Self-Regulation for children and adults

The ideas in this article are based on the work of Dr Stuart Shanker and if you find this interesting I encourage you to read more of his books and publications and to watch videos of his presentations which are available for free online! This presentation is a great place to start http://www.runforlife.ca/wp-content/uploads/2010/10/Shanker1.pdf. The website for the Canadian Self-Regulation Initiative (CSRI) is available at  http://www.self-regulation.ca and has many further inspirational stories and resources, including these free webinars http://www.self-regulation.ca/webinars.html.

So what is self-regulation?

It is NOT self-control, inhibition or compliance, it is NOT being good.  It is not about punishments and rewards, coercion masks the inner reality of the child, and while it might produce the results we want immediately bribes and threats will not create the inner attitude of a relaxed, inherently motivated and engaged child.  Behaviour management does exactly that, it manages behaviour, managing someone else behaviour is exhausting and unsustainable, unless it is accompanied by deep changes in the child which address the root causes, it can also damage relationships between children and carer and teachers and children.

Self-regulation IS how efficient and effectively a child deals with stressors and recovers from them.  It is connected to resilience and it begins in the body before birth, see DIR Floortime stage 1 for information on how this basic foundation can be assisted, http://www.icdl.com/DIR/6-developmental-milestones/stage-1-self-regulation-interest-in-the-world.

Essentially we can ‘up-regulate’ and ‘down-regulate’ young children and with enough skill older children and adults, until they can regulate for themselves.  It is something we can model and give as a bodily felt experience.  Language doesn’t help so much as we are actually communicating neurosystem to neurosystem. We know that gentle music soothes and exercise wakens us up, it follows that principle.

Self regulation in the Montessori environment

As busy teachers and carers we are accustomed to notice when children need ‘down-regulating’, the children we see first are the ones going fast and chaotically, according to Shankar’s ‘Arousal Continuum’ they are ‘hyperalert’, but it is just as important that we focus on those who are ‘hypoalert’, those who are day-dreaming to excess, the children who are quiet, still, sleepy.  As Montessorian’s we know that children must make the use of their time to fully experience each Plane of Development, the children who are ‘calmly focused but alert’ are going to be able to access the learning available to them, while both the ‘hyperalert’ and the ‘hypoalert’ are missing out on chances to develop physically, socially, emotionally and intellectually.  It becomes no surprise that a child with developmental problems often has a whole cluster of difficulties, lacking self-regulation they lack availability for so many other learning experiences.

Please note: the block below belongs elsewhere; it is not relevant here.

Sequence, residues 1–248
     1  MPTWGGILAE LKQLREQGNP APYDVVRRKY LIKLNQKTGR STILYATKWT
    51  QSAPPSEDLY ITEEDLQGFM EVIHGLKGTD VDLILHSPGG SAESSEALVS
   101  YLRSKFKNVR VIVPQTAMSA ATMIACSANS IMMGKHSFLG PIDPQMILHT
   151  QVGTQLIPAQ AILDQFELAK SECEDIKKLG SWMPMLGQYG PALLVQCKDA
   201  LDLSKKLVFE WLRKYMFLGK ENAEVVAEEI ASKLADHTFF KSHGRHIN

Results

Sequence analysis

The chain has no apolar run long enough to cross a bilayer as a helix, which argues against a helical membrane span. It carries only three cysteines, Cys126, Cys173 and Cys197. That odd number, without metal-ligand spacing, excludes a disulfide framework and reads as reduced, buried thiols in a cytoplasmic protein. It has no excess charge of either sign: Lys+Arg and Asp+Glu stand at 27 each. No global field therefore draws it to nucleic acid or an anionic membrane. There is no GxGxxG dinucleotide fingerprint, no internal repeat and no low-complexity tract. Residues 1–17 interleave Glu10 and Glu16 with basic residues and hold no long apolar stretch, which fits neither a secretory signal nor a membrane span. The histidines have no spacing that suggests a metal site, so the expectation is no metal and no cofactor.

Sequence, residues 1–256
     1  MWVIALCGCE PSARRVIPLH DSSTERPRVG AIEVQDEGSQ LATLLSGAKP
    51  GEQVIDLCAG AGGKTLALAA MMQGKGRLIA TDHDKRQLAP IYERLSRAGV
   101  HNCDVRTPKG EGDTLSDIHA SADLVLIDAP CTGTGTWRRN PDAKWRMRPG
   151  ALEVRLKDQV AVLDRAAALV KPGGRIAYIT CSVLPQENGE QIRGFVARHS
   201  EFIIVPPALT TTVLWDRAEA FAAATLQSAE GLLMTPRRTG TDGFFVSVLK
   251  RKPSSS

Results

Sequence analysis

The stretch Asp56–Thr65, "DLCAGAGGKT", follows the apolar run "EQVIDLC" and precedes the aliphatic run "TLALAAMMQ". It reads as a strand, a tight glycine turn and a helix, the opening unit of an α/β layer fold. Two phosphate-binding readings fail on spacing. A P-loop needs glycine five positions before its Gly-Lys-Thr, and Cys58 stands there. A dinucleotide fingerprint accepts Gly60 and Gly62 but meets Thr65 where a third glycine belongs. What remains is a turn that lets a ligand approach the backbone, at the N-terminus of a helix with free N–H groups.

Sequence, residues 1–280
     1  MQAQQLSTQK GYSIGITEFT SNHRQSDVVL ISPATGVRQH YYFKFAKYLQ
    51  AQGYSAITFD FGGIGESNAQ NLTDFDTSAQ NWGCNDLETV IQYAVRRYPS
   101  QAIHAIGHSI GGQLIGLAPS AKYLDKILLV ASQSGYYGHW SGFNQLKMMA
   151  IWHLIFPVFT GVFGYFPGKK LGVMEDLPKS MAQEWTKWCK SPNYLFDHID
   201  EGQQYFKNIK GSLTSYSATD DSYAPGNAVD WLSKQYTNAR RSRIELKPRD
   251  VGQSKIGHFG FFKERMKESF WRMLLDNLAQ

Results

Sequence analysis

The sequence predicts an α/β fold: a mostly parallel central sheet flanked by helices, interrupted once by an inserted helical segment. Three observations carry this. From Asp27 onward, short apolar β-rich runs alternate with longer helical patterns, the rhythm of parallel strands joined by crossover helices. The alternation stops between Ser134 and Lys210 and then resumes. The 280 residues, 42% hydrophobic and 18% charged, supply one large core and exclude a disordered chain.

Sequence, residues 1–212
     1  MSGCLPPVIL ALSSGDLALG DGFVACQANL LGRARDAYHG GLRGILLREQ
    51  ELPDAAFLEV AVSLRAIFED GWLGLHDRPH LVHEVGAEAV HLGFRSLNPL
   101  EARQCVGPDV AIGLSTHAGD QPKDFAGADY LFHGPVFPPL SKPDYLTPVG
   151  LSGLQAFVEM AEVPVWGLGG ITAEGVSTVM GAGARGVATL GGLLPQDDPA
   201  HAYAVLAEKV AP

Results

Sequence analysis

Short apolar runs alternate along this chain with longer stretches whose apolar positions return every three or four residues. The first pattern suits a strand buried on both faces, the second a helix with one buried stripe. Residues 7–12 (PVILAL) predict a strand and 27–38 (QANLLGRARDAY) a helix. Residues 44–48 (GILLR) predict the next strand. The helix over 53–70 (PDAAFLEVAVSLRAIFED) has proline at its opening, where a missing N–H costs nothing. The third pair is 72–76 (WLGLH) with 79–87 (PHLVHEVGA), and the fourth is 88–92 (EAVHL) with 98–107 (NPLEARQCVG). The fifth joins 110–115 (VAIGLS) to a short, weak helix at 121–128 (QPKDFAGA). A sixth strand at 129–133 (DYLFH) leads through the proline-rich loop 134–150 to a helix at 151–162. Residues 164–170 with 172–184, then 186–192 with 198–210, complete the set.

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So we need to help children to manage stress so that they are not ‘hyperalert’ but just as importantly increase children’s energy so that they do not fade out and become ‘hypoalert’. If a child finds learning difficult because of a Specific Learning Difficulty it makes sense that this will drain their energy and make them less available for learning experiences, this is another reason why we want to help children with dyslexia, dyscalculia etc to find strategies to help them manage tasks and give them work which is challenging but, for instance, has less examples and is delivered in smaller chunks.  As Montessorian’s we have long observed how children take a piece of demanding work followed by simpler practical life, snack, or soothing art and music tasks.  A child doing this is self-regulating well, it is necessary to make work suggestions to those who struggle to self-regulate so that they can ‘up-regulate’ and ‘down-regulate’ and reflect on this.

The Canadian Self-Regulation Initiative (CSRI) offers this model of self-regulation, it is available on their website.

A chart of Self Regulation from an integrative perspective.

Self Regulation: An Integrative Perspective | Courtesy of CSRI

It might be useful to see how well your environment meets these four areas.  I am interested in the Body & Behaviours area marked, “Whole body listening”, which sounds very much like Focusing, which I mention in the Self-care section of my Montessori Commons. Focusing is a taught technique for listening deeply and sensitivity to the whole body experience.  It would certainly be a helpful skill for an adult leading a classroom and teaching it to children would help children to realise when they are ‘hyperalert’ or ‘hypoalert’ so that they can make a conscious choice to ‘up-regulate’ or ‘down-regulate’, they can reflect on what activities help them to do this to inform their future choices and take control over their own learning.

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